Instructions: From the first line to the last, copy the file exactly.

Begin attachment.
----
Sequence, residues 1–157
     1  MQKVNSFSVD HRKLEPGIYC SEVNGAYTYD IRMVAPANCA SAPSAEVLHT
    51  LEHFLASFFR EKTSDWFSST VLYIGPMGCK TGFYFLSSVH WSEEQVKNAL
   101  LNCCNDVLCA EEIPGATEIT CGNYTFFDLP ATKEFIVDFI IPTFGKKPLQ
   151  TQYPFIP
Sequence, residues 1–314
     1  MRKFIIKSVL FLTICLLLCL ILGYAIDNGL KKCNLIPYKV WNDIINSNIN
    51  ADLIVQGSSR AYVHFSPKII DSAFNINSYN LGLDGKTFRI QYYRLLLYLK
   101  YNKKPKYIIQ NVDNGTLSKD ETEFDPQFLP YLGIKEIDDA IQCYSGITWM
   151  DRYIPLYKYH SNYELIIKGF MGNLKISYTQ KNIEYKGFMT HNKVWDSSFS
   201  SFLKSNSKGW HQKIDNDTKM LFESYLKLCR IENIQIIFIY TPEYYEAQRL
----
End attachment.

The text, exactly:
Sequence, residues 1–157
     1  MQKVNSFSVD HRKLEPGIYC SEVNGAYTYD IRMVAPANCA SAPSAEVLHT
    51  LEHFLASFFR EKTSDWFSST VLYIGPMGCK TGFYFLSSVH WSEEQVKNAL
   101  LNCCNDVLCA EEIPGATEIT CGNYTFFDLP ATKEFIVDFI IPTFGKKPLQ
   151  TQYPFIP
Sequence, residues 1–314
     1  MRKFIIKSVL FLTICLLLCL ILGYAIDNGL KKCNLIPYKV WNDIINSNIN
    51  ADLIVQGSSR AYVHFSPKII DSAFNINSYN LGLDGKTFRI QYYRLLLYLK
   101  YNKKPKYIIQ NVDNGTLSKD ETEFDPQFLP YLGIKEIDDA IQCYSGITWM
   151  DRYIPLYKYH SNYELIIKGF MGNLKISYTQ KNIEYKGFMT HNKVWDSSFS
   201  SFLKSNSKGW HQKIDNDTKM LFESYLKLCR IENIQIIFIY TPEYYEAQRL